Are you the right service/product provider for me? Your website should make your ideal patient feel as if the entire site caters to his questions and concerns. To accomplish this, even the most experienced marketing professional needs to understand your target patient. What is your ideal case; what does that patient look like, and where does he go, what does he do, who does he talk to? Your website must focus on catering to the ideal patient you describe. In return, the site will appeal to the right type of cases for your practice.

Why should I trust you? This is a biggie. In 2012, a survey by Bray Leino revealed that 88% of people have a very high level of trust in their dentists. Twenty percent believe that their relationship with their dentist is more valuable the relationship with their doctors. Just over two-thirds of respondents base checkup frequency on their dentist’s recommendations. To show potential patients that you are worthy of their trust, include your photo on the homepage of your website. Provide testimonials, along with patient photos. In short, make it personal. Make your website leave an impression that they can trust you.

What do patients think about you? Word of mouth has always been the most economical and rewarding form of advertising, particularly for healthcare providers. Today, people communicate in person, but also online. In fact, a study by Pew Research in 2013 showed that 85% of Americans use the Internet. Only 4% of Americans whose income exceeds $75K per year are offline. The great number of potential patients who may find you online will see not only your website, but also reviews, or testimonials, about your practice. Yahoo, Yelp, Google, HealthGrades, and other public review sites often show up in the top results for “dentist” plus a city. To appear reputable in the eyes of potential patients, you need great reviews on your website and on third-party sites. Part of marketing involves reputation management, so your website needs to 1) make it easy for happy clients to leave reviews on public sites, and 2) link to positive public reviews about your practice.

What makes you the best? Patient testimonials will go a long way toward making you look like the best dentist around, but you must also highlight your accolades. So many times, professionals worry about appearing egotistical, so they don’t publicize their education, awards, and certifications. Don’t fall into this trap of humility. As a dentist, not a person, you are your brand. Your expertise must be highlighted if you’re going to compete with other brands. Don’t be humble. Be marketable!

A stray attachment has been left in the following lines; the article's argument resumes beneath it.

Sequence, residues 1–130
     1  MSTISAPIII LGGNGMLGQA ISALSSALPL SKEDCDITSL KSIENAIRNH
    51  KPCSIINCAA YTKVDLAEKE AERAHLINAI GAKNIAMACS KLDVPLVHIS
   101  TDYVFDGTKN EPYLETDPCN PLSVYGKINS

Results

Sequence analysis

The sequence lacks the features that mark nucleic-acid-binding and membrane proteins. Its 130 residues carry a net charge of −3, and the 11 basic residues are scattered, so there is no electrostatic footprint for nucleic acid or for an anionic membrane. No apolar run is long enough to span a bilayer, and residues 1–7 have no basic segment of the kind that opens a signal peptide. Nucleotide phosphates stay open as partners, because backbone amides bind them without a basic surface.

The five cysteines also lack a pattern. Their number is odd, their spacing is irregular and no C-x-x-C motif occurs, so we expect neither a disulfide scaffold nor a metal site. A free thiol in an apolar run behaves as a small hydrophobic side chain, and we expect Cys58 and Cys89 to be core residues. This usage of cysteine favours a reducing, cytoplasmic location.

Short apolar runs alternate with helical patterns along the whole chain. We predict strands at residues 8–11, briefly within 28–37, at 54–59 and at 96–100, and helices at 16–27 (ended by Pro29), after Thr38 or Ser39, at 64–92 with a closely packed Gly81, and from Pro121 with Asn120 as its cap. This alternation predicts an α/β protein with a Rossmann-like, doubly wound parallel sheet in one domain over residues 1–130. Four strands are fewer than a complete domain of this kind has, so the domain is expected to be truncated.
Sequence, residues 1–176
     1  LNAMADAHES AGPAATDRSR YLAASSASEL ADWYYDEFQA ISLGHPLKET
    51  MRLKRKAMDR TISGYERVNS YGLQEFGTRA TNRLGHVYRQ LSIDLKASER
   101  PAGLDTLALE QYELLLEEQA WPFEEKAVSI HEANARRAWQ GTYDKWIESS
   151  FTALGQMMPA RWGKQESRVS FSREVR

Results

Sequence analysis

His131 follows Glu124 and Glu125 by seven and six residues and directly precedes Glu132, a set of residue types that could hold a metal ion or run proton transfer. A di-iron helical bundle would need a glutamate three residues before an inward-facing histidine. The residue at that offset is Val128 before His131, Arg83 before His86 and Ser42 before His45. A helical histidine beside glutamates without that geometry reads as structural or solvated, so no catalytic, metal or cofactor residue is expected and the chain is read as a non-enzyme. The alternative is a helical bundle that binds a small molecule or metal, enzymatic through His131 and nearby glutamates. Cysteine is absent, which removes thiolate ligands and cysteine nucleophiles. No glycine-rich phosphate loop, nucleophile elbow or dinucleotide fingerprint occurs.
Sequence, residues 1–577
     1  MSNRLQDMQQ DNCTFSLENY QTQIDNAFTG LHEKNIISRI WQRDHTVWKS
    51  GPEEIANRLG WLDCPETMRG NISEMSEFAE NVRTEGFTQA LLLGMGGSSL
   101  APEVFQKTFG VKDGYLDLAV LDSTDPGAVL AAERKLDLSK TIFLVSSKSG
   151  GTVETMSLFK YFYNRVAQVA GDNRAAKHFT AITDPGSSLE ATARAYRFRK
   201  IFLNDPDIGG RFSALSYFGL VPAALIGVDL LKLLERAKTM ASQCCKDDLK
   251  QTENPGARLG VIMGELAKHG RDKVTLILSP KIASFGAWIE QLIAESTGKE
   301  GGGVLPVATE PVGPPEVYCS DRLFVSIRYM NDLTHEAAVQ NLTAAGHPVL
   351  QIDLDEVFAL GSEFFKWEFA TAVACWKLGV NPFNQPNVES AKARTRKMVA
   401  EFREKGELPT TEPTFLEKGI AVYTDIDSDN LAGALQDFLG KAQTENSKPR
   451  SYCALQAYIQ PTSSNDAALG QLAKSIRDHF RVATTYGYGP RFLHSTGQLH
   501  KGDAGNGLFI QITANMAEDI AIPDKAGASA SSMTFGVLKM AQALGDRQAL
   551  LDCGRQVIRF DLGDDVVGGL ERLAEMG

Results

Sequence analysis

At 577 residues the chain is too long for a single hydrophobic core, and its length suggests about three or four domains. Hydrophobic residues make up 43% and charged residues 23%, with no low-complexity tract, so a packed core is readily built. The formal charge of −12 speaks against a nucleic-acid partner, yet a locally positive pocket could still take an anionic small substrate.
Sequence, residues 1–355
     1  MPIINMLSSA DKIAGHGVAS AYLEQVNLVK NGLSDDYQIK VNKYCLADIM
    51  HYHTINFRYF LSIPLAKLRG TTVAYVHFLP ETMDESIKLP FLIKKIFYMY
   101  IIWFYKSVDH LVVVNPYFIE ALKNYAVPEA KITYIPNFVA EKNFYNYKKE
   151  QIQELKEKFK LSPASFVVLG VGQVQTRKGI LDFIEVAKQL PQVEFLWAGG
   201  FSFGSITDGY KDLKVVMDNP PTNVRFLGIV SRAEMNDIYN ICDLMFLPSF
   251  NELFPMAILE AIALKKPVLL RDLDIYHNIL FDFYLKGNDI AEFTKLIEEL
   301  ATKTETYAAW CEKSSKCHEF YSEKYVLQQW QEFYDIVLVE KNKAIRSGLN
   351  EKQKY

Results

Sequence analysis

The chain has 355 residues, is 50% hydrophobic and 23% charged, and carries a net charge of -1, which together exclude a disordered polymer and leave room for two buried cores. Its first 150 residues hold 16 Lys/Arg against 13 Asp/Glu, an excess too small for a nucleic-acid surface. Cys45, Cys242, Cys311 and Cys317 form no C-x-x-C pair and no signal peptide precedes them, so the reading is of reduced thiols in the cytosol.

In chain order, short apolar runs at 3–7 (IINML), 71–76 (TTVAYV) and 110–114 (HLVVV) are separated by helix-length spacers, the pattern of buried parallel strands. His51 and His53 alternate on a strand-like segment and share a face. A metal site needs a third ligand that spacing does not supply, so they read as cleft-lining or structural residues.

Why do patients like you? Again, public reviews and testimonials on your own website will show potential patients what your current patients think of your practice. Consider video testimonials, as well. When a consumer can look into the eyes of your patients and see their genuine feelings for you, that’s priceless. Asking patients for written or recorded testimonials may feel awkward at first, but those that truly like you will be honored to tell the public how wonderful you are.

Does anyone not like you? Negative reviews are inevitable. You cannot control what’s published about you on review sites, even if the words are one-sided or completely untrue. In some cases, bad reviews boil down to a case of mistaken identity. Angry patients, and even unethical competitors, can anonymously post negative reviews about you – and potential patients will see these reviews. All you can do is respond publicly as the owner of the business (you can do this beneath the review, in most cases) and submit a request to the publisher that the review be removed. Your website, then, has an even harder job of converting visitors who’ve witnessed negative reviews. This means, you must have a stellar website!

What makes you different from other dentists? Every patient wants to feel unique, but they also want the joy of knowing their dentist is uniquely wonderful. Thin about what you do or have done that, perhaps, other dentists in your area have not. What are your hobbies? Do you volunteer time or go on mission trips to administer dental care? Do you love animals? Show off your personality on your website. People want to connect with the real you, not a white-coat-wearing, sterile robot of a doctor.  Be authentic, and if you’re a genuinely nice person, people will like you. If you’re an ass, well, perhaps you shouldn’t be a dentist.